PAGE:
TAG: domains

What we learned about domain names at Pubcon

It’s so nice having someone else tell you about your product. We were at Pubcon in Las Vegas last week and visitors were sharing with us their stories of domain names. Instead of us straining our vocals against the ringing of Sin City, people like Angela St. Julien, who has Brand.Bar, told us these exact words: “Let’s get rid of the hyphens and start moving into the creative side with New TLDs [domain names.]” She even used a geeky term like “TLD.” Our people have arrived.

With recent products like the New Domains, we’re pretty stoked to meet a few exemplary usage cases. But at PubCon they lined up. Adam bought a .ACTOR for a client. Jeremy Chrysler owns Chrysler.NYC. Even former professional wrestling star Ric Flair said he’d love a .ROCKS. People were even suggesting aggregating your social feeds on a .SOCIAL. #Brilliant

Now your insanely active brain has a domain

Something happens to your brain with technology. It’s as if it’s been waiting for millennia, for thousands of generations, to have the chance to do as much as the internet allows you to do. The upside to digital innovations is that someone can now start a colossal company from their mother’s basement. The downside is that you’re supposed to start a colossal company from your mother’s basement.

Name.com Customer Rakes in Cash from .COM

There should be a business version of “stop and smell the roses” that goes something like “pause right now and talk to your customers.” Whenever we do we learn a lot, and Adam is no exception. We were excited enough to hear that a namer had won the Verisign .COM domain contest–well, he’s a semifinalist, but he has a check for five grand on the way–yet we were blown away that this is a guy behind the Singing Dogs because, for reals, he plays the saxophone and his dogs sing along. No, really, check out the video above.

Controlling the message: Why you probably don’t need to worry about .SUCKS

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Photo credit: JD Hancock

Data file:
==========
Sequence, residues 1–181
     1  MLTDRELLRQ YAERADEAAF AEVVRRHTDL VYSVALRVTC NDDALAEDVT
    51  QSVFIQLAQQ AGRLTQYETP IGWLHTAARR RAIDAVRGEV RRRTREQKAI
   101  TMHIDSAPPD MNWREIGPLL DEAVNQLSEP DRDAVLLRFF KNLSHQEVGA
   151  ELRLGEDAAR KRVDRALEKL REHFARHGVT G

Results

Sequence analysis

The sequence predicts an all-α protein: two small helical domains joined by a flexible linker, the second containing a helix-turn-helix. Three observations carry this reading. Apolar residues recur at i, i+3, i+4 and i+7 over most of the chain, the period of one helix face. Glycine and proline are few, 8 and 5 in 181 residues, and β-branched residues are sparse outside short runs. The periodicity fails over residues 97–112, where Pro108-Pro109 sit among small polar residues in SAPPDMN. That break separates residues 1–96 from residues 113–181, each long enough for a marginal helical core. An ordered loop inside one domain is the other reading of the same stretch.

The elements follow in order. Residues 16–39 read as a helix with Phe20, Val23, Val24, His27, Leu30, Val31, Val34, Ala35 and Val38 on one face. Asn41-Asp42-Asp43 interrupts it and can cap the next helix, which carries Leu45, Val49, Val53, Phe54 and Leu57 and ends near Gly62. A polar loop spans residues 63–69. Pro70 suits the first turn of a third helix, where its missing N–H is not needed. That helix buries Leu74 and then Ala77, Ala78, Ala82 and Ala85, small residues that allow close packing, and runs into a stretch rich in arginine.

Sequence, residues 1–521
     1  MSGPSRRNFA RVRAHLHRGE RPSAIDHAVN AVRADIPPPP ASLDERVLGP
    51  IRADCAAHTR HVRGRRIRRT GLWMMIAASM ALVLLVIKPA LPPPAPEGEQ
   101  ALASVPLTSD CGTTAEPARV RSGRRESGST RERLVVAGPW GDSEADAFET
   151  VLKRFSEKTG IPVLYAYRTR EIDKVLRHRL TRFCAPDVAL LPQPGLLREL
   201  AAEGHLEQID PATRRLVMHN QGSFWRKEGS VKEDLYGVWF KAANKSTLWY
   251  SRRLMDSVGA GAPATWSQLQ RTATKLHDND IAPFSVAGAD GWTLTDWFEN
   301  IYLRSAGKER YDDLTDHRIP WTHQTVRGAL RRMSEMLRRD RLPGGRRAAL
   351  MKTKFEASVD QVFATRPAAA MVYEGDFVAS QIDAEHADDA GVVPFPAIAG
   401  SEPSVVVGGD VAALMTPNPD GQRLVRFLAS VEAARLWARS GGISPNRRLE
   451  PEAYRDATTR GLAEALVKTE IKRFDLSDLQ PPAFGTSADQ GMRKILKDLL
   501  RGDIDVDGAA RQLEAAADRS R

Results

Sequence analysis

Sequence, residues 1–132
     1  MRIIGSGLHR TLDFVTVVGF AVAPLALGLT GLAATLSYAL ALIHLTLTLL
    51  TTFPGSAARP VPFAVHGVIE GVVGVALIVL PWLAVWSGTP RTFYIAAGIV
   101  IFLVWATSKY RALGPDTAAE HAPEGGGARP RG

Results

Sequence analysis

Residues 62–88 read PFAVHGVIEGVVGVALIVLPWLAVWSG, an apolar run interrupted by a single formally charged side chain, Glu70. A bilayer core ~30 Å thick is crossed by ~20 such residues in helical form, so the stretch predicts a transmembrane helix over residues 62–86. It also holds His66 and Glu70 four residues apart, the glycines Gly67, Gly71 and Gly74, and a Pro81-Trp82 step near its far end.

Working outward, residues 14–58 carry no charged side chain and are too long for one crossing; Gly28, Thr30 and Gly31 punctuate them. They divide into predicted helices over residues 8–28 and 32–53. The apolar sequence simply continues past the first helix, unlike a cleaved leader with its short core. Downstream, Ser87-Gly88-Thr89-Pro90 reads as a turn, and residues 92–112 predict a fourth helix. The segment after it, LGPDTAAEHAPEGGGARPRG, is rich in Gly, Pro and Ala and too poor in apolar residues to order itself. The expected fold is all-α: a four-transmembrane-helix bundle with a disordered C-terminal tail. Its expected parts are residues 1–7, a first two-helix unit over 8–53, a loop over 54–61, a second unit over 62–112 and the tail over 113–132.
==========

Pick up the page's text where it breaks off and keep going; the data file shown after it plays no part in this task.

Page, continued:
Let’s talk about “Obamacare.” Not the broad, sweeping health insurance program in general, but the word itself. It was originally meant to be derisive, painting the Affordable Care Act as the result of overreaching Executive power. At one point a Democratic Congresswoman objected to its use on Capitol Hill. But then something happened: it gradually took on a whole new life as a universal and sometimes affectionate term for the medical overhaul. The hashtag #ILikeObamacare trended when the bill was challenged in Supreme Court, and President Obama even started using it in his own speeches.

This is a classic example of one side making the best of an attack. They completely redefined it, and now they don’t need to get a .SUCKS.

8 awesome sites that use .TV domain names

As we’ve discussed before, there are a ton a great uses for .TV domains. The most obvious is having a .TV domain as the primary address for your site. That’s an awesome approach if you want to brand your site as video-focused. .TV is also great when used in conjunction with URL forwarding, as it allows you to create an easy-to-remember URL for the video section of an existing site, a YouTube channel, or even a one-off video that you want to share (like our new crazychild.tv video).

Another awesome thing about .TV domains? You can get them at name.com for $10.99. That’s crazy cheap, and it’s for a limited time only. Check out this list of successful sites making great use of a .TV domain, and then get your search on.

1. FORA.tv

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Protect your personal information with Whois Privacy

When you purchase a domain name from name.com you’re given the option to add Whois Privacy for $3.99 (for one year). What exactly is Whois Privacy?

First, let me explain the WHOIS (pronounced “Who Is”) database. It’s a list of every domain registered in the world. Whenever a domain is registered, the person buying the domain has to provide personal information, such as a name, phone number, and address, as required by ICANN. That information goes into the Whois database. The database is searchable, so if you own a domain and someone looks up that domain in the Whois database, they can see your personal information.

But not if you have Whois Privacy protection.

When you purchase Whois Privacy, we replace your personal information in the Whois directory with contact information that directs back to name.com. If someone wants to contact you about a domain—regardless of whether it’s a legitimate inquiry—they have to contact name.com first. Here’s an idea of what your Whois information looks like with and without Whois Privacy:


Bearglecorn thinks he’s gonna be a big star, demands a .TV domain

How to purchase a .TV domain and use URL forwarding at name.com

This is Part 3 in a series of posts about building a WordPress website using name.com’s products and account management features. Previously, we purchased a domain name and created a RapidPress website.

Bearglecorn has expressed interest in creating video tutorials and webisodes. He doesn’t even have a video camera or a YouTube account, but what the client wants, the client gets. I’ll create a video section on his website, but to really give his video content a boost I’m going to set him up with a .TV domain name.

.TV domains are a great way to brand your video content, and with URL forwarding, I can purchase a .TV domain and have it redirect to the video section of bearglecorn.com. bearglecorn.tv will be a lot easier for people to remember than bearglecorn.com/randomlygeneratedwordpressurl. Best of all …